The vastly different wartime experiences of the two territories would continue to strain relations between Czechs and Slovaks when Czechoslovakia was reconstituted in 1945. Following the 1948 Communist coup that absorbed Czechoslovakia into the Soviet sphere, the state once again saw its foreign and economic policies subjugated to the imperial diktats emanating from a foreign capital.
Effectively cut off from Western Europe by the Iron Curtain, Czechoslovakia became firmly rooted in a newly conceptualized Eastern Europe. Czechoslovakia was seen as a necessary buffer-zone by the Soviet Union. Western Europeans saw it as an alien and backward periphery.
Discarded by one club and unhappy in the other club that claimed it as a member, Czechoslovakia languished in ways that would continue to shape its approach to supranational institutions after 1989 and its insistence upon equality with the larger states of Europe.
Throughout the Cold War, Czechoslovakia's economy was subservient to Soviet agendas. Even though Czechoslovakia became a key component of the Soviet and Eastern bloc economic engine, the Czechs' once advanced industrial economy slowed under five-year plans and state centralized economic planning.
At the same time, the predominantly agrarian Slovak half of the state finally experienced the type of industrial development it had been denied during the 1920s and 1930s. The state became notorious for pumping out armaments and explosives that found their way into the hands of Cold War communist insurgencies the world over.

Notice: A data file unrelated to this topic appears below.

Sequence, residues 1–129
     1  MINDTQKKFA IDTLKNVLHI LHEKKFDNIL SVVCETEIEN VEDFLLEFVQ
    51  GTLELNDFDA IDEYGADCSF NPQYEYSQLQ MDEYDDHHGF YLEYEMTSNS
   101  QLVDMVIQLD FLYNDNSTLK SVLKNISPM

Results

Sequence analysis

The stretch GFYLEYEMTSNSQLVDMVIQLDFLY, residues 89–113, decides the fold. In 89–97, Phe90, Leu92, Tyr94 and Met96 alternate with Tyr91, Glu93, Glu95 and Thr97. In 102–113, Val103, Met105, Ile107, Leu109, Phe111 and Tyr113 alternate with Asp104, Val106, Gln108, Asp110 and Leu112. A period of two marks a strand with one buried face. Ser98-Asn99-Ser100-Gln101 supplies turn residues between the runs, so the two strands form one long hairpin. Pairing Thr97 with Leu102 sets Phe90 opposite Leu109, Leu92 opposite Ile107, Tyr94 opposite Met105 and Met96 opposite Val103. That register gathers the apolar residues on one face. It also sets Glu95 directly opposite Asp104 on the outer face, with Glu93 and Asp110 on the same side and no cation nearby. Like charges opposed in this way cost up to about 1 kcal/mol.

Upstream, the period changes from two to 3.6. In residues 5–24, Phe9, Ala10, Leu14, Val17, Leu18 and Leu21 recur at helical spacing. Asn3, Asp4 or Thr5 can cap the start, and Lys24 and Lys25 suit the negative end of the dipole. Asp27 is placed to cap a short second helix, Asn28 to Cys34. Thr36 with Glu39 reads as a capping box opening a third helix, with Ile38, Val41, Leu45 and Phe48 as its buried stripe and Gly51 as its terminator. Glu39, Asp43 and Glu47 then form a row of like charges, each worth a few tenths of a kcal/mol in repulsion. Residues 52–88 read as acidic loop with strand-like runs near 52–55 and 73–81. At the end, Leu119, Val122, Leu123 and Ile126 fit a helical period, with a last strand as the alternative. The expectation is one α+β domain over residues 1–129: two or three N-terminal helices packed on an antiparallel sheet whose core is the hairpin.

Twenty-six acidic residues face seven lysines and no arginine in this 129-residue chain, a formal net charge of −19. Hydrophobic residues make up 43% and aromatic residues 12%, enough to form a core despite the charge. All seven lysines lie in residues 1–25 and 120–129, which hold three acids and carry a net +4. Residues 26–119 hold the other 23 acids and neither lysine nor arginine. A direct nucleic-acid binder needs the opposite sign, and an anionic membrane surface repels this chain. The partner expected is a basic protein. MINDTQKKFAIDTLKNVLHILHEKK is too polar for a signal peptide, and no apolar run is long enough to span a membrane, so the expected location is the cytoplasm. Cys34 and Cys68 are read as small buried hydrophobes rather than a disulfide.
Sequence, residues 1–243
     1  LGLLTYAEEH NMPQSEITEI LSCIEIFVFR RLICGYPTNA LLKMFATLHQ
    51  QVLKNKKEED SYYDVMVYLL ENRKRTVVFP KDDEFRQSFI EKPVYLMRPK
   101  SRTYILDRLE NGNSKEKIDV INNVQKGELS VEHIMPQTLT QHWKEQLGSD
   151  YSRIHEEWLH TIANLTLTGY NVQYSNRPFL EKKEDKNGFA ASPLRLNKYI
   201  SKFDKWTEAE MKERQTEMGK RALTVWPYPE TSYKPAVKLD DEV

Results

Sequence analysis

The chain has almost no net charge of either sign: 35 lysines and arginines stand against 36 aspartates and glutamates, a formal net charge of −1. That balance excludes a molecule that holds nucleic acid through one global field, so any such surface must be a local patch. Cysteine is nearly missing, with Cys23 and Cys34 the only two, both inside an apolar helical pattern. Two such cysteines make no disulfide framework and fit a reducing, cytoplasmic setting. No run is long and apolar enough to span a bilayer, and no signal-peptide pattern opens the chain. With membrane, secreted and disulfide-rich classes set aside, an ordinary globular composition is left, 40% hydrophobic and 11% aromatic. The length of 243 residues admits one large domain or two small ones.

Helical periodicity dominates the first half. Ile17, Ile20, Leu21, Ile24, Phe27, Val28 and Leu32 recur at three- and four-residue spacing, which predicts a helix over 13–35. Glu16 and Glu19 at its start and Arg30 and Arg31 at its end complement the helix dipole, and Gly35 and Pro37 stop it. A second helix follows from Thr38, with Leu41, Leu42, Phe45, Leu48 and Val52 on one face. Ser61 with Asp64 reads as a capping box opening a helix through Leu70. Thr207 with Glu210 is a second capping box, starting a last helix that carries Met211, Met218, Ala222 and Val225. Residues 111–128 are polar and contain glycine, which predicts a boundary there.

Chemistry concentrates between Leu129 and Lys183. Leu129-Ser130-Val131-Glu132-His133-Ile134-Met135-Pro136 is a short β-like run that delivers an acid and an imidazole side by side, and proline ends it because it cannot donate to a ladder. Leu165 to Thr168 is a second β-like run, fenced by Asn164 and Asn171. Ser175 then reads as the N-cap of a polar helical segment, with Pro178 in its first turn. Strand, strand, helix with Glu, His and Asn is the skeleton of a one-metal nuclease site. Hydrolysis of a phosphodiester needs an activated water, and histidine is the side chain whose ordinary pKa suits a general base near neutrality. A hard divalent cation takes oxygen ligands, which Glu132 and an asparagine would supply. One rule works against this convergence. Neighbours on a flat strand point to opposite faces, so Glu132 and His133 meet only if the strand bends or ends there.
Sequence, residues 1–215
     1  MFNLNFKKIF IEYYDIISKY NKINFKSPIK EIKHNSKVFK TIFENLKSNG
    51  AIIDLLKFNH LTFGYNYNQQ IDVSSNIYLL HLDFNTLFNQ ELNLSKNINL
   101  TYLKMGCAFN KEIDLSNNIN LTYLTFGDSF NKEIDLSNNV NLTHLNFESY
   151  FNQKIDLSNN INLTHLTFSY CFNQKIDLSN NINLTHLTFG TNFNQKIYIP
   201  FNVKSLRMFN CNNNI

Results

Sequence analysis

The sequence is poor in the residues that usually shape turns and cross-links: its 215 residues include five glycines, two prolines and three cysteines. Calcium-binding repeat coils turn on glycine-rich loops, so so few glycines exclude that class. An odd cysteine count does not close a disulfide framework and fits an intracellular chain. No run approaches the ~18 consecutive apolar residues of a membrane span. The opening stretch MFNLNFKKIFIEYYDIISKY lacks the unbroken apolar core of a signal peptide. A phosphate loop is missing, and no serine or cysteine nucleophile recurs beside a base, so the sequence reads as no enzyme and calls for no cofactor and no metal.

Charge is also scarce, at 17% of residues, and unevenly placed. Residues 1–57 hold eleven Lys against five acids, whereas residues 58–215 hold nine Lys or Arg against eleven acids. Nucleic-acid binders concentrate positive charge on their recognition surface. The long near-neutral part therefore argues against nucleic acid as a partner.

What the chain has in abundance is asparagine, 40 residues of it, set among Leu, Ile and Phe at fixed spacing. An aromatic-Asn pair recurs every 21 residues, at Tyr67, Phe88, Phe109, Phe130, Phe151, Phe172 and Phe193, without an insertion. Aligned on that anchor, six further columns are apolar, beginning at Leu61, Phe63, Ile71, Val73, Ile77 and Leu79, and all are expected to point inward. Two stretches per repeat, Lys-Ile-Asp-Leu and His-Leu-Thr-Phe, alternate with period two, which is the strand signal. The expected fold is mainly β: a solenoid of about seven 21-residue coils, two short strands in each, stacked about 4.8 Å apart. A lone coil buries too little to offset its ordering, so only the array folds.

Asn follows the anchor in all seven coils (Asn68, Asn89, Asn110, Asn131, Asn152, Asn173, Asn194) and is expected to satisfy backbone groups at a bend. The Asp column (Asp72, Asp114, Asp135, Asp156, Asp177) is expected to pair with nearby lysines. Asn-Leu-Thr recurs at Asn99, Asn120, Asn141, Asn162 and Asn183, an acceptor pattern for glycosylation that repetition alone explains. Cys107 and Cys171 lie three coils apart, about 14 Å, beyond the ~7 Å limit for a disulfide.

Reinvention a Third Time: Czechoslovakia and the EU in the Post-1989 World
For nearly 50 years Czechoslovakia clung to the memories of the brief interwar period when it confidently charted its own course among the other ships of state in Europe. But in 1989 with the collapse of the communist regime, Czechoslovakia was once again ready to renew its position as a key player in European affairs. [See this 1993 Origins article for more on the events of 1989 and the early history of post-communist Czechoslovakia]
Conscious of its diminished status as a former Eastern bloc state, it quickly identified membership in the European Union as the necessary step in reclaiming its European status. As with all the former Eastern bloc states, Czechoslovakia understood that in a post-Cold War world, being European meant joining the European club – the EU.
However, just because substituting membership in one supranational entity for membership in another made certain economic and political sense did not mean there was consensus within the state for such a move.
The foundations for the European Union were first laid down in 1951 when Belgium, West Germany, France, Italy, Luxembourg, and the Netherlands came together to create a common market for coal and steel.
The basic rationale behind the creation of the European Coal and Steel Community (ECSC) was both economic (the advantages of free trade in essential mineral wealth) and strategic (states that are economically linked are less likely to go to war with one another and repeat the horrors of World War II). The early success of the ECSC in regulating and enhancing its members' economic prosperity led to the 1957 Treaty of Rome that created the European Economic Community (EEC).
Since then, the EEC has evolved into the EU and grown in membership from 6 to 27 in four distinct expansion initiatives, the largest of which—and arguably the most significant—occurred in 2004 when ten new member states joined the EU, including many former Warsaw Bloc countries.
This willingness to continually expand its membership has signaled to many European nations, especially those on the periphery of Europe, an openness to an evolving sense of European identity. It has also communicated an ability to enter the union as an equal partner, irrespective of size or national history.